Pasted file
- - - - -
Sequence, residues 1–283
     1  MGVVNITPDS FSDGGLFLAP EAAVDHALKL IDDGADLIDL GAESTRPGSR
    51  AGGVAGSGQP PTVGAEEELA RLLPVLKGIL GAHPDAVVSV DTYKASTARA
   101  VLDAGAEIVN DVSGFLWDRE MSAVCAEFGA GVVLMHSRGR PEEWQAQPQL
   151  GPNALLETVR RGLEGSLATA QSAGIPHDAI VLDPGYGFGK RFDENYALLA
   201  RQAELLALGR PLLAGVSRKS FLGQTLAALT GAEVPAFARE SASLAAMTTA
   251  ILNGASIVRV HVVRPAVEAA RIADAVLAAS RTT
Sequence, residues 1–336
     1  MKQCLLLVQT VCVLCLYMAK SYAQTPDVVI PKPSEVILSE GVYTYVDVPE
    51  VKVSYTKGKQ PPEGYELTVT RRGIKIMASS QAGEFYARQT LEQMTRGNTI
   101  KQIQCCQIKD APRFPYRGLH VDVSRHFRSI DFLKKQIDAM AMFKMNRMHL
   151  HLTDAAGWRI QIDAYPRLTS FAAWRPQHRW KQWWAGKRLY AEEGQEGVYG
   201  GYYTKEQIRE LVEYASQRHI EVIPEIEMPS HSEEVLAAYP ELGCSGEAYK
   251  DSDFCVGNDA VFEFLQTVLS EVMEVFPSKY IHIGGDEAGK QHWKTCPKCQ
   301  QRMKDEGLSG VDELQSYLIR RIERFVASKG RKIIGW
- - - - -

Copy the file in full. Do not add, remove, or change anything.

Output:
Sequence, residues 1–283
     1  MGVVNITPDS FSDGGLFLAP EAAVDHALKL IDDGADLIDL GAESTRPGSR
    51  AGGVAGSGQP PTVGAEEELA RLLPVLKGIL GAHPDAVVSV DTYKASTARA
   101  VLDAGAEIVN DVSGFLWDRE MSAVCAEFGA GVVLMHSRGR PEEWQAQPQL
   151  GPNALLETVR RGLEGSLATA QSAGIPHDAI VLDPGYGFGK RFDENYALLA
   201  RQAELLALGR PLLAGVSRKS FLGQTLAALT GAEVPAFARE SASLAAMTTA
   251  ILNGASIVRV HVVRPAVEAA RIADAVLAAS RTT
Sequence, residues 1–336
     1  MKQCLLLVQT VCVLCLYMAK SYAQTPDVVI PKPSEVILSE GVYTYVDVPE
    51  VKVSYTKGKQ PPEGYELTVT RRGIKIMASS QAGEFYARQT LEQMTRGNTI
   101  KQIQCCQIKD APRFPYRGLH VDVSRHFRSI DFLKKQIDAM AMFKMNRMHL
   151  HLTDAAGWRI QIDAYPRLTS FAAWRPQHRW KQWWAGKRLY AEEGQEGVYG
   201  GYYTKEQIRE LVEYASQRHI EVIPEIEMPS HSEEVLAAYP ELGCSGEAYK
   251  DSDFCVGNDA VFEFLQTVLS EVMEVFPSKY IHIGGDEAGK QHWKTCPKCQ
   301  QRMKDEGLSG VDELQSYLIR RIERFVASKG RKIIGW